What advice would you give to other school leaders looking to advance their careers?

I created the acronym ASCEND to provide guidance for those seeking to advance in their careers:

Aspire to expand your territory;

Seek new learning opportunities;

Connect with those who know more than you;

Embrace feedback and get better;

Navigate roadblocks and challenges;

Dare to step out of your comfort zone! ©️

I fervently believe that when you live and walk in your purpose, opportunities will pursue you.


What traits do educational leaders need to navigate today’s challenging environment?

Leaders have certainly had to exercise their leadership muscle in the last couple of months. From this uncertain challenge, many opportunities arose. An educational leader today must have grit, first and foremost, the ability to rise after stumbling.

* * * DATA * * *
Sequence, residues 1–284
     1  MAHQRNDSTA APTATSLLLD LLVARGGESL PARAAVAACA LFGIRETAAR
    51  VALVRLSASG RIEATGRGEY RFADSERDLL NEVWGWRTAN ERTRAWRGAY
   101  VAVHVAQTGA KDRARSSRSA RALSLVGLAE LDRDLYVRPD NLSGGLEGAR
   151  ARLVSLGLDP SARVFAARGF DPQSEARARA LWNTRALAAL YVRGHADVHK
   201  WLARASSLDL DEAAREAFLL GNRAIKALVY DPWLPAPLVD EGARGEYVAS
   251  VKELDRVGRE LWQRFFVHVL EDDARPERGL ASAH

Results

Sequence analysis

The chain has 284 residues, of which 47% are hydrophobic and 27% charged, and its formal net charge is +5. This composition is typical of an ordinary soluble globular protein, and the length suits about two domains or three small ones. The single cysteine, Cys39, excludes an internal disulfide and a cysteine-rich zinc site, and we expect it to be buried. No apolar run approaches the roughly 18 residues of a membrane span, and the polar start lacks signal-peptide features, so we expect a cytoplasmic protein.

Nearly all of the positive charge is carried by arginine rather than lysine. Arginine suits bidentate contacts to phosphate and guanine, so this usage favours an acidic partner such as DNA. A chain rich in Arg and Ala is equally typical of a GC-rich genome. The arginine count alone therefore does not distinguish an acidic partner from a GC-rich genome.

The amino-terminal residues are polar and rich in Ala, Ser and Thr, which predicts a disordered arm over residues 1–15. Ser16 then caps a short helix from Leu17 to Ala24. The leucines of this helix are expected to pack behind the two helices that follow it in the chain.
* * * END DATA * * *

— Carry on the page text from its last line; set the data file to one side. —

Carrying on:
There are many unknowns, so the leader’s ability to be adaptable is certainly critical. Being an influential communicator matters too, especially now. People should have confidence and trust in the leader’s words and their actions as they navigate unchartered territory. The leader should also be self-aware and manage emotions as people are experiencing a lot of anxiety at the moment.


What motivates you as a leader?

Changing outcomes for students. That is my simple motivation. I want to do my part to make sure kids like me do not fall through the cracks. It happened to me.

We have so many students who are “invisible” to many, and it’s our duty and moral responsibility to “see” all students. That moral obligation drives every decision I make and every interaction I have with others both personally and professionally.


What motivated you to create the Future School Leaders Network? What are some examples of tools and resources that you provide?

Future School Leaders Network was created because I saw a tremendous need for aspiring leaders and those currently in educational leadership roles to connect with other like-minded leaders in their quest to strengthen their personal leadership.